• These smaller deals will be easier to complete than megadeals given they are relatively lower risk, have lower reliance on financing, and are generally subject to less regulatory scrutiny
  • Strategic buyers hoping for a steal should be prepared for increased competition from financial buyers as the year unfolds
  • Companies will need to come to the table armed with proprietary insights that are deeper and more focused. Due diligence levels that were acceptable in a more stable environment, won’t cut it in 2023.

The report concludes that: “Winning companies will be those that take these lessons to heart as they make bold moves in the downturn. They’ll take advantage of lower premiums and less competition for deals to accelerate their new growth engine, outpacing competitors more effectively and for less total cost.”

In short, companies that move, when others hesitate, will be rewarded.

So how can you fly in the face of turmoil and gain that competitive advantage?

You know as well as anyone that no deal is done in a couple of months, and realistically, it’s unlikely to be done in anything less than 6 months. When you frame it like that, and you know you want to do a deal at the end of 2023 to some point in 2024, what was a risk, simply becomes due diligence and laying the groundwork. So keep it simple:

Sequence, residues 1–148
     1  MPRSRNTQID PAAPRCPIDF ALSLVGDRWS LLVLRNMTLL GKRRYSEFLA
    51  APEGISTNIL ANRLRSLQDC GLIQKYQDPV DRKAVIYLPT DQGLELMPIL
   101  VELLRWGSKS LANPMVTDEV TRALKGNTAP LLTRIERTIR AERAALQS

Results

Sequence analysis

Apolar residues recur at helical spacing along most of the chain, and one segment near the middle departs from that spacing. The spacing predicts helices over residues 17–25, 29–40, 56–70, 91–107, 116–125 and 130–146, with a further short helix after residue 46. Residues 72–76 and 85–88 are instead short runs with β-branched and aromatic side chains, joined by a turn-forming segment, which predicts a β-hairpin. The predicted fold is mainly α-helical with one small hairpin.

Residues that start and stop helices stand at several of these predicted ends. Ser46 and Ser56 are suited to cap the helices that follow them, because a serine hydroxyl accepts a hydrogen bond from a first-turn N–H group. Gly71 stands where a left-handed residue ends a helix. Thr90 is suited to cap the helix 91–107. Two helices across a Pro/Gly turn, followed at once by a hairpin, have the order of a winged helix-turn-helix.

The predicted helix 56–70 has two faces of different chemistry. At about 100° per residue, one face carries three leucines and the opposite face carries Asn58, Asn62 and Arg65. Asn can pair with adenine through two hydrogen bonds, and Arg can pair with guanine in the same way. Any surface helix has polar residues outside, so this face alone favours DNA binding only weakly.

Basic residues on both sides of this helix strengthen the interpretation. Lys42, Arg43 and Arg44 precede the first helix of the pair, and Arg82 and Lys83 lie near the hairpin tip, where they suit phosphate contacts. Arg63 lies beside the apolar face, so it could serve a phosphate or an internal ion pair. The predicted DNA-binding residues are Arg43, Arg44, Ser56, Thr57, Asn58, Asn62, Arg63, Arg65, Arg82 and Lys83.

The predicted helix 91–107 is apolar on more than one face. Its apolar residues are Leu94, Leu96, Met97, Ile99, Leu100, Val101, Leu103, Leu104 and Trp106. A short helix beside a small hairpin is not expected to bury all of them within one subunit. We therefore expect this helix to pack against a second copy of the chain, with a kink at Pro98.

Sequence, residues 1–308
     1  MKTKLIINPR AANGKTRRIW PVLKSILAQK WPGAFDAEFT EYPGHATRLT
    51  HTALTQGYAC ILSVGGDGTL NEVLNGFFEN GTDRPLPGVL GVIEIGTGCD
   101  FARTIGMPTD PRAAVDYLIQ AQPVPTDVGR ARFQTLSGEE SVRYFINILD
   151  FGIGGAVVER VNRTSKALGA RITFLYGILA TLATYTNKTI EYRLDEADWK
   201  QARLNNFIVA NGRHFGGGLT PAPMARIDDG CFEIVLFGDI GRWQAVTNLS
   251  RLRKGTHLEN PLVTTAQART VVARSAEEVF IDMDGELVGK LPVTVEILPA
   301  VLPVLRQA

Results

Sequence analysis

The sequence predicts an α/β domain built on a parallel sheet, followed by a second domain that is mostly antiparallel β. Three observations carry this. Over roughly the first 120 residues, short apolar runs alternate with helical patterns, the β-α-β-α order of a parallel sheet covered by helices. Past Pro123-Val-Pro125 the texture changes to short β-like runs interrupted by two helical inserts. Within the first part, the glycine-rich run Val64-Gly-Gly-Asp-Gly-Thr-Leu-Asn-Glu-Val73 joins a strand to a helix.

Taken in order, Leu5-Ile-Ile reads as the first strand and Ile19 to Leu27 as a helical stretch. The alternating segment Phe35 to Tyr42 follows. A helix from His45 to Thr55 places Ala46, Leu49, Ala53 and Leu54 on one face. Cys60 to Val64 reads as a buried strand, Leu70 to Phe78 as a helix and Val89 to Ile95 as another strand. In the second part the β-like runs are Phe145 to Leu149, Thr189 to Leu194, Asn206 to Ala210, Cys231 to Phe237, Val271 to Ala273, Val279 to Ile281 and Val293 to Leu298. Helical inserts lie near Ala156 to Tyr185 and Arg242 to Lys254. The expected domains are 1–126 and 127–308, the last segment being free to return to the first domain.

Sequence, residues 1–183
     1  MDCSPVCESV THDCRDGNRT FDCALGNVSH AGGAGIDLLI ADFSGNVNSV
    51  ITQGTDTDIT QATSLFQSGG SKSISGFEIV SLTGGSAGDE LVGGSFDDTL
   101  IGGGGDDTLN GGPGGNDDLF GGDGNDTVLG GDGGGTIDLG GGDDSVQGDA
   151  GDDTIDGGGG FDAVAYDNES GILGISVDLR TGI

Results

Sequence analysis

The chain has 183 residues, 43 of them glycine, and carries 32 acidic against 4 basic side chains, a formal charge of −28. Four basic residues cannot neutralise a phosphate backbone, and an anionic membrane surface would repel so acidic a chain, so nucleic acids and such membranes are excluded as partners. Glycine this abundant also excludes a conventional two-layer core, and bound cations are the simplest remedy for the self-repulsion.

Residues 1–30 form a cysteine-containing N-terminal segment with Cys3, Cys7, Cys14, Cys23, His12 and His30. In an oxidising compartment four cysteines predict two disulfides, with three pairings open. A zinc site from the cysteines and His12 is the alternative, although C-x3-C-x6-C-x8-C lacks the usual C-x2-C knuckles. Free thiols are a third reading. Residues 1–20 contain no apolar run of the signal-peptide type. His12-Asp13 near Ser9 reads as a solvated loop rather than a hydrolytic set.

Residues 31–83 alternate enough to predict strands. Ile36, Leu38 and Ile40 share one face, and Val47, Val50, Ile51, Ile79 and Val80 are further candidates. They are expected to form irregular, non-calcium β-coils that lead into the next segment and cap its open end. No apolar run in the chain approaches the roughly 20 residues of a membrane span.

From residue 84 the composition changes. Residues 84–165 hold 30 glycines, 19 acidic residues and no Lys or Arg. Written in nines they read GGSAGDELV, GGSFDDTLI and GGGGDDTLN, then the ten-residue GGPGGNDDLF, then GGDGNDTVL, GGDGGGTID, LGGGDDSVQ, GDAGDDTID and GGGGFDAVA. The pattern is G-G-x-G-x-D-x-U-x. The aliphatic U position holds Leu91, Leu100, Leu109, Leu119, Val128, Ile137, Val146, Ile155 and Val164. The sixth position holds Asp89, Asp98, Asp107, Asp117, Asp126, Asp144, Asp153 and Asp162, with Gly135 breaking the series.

• Know your universe. By this I mean make sure you have a comprehensive (unbiased) view of all the players in the target market.
  • Look for hidden gems. 97% of companies are in the lower- and middle-market so there’s plenty of opportunity out there. You can’t know and keep track of 10s of millions of companies. No one can. If you’re going to be amongst those looking at smaller deals as Bain suggested, you need to think carefully about your sources. My advice is to embrace the data-driven approach on this one.
  • Build relationships early. Relationships are worth their weight in gold. Get in early with those attractive targets so that you’re the person they call when the time is right. And if you get in early enough, potentially bypass an auction process altogether.

Do all that and you’ll be in great shape for deal-making.

I will leave you with one thought:

Fortune favors the bold. You only have to think of the likes of Apple, Alphabet, Berkshire Hathaway, Animoca Brands, Microsoft, Amazon, and Tesla. Following the pack wasn’t what got them to where they are today.

So, what’s your next move? Will you seize the moment and boldly win in these turbulent times? Or will you simply watch as others take the lead? The choice is yours.



About the Author:

Gerard Belicha is Co-Founder & CRO at Finquest. A seasoned banker and entrepreneur, Gerard has over 20 years of experience in deal origination, sales, emerging markets, corporate finance, and risk management. He is also an affiliate founding partner of True Global Ventures and a mentor at the University of Lausanne. He holds a master’s degree in finance from HEC Lausanne and is a certified master practitioner of neuro-linguistic programming. He lives in Hong Kong with his wife and two children.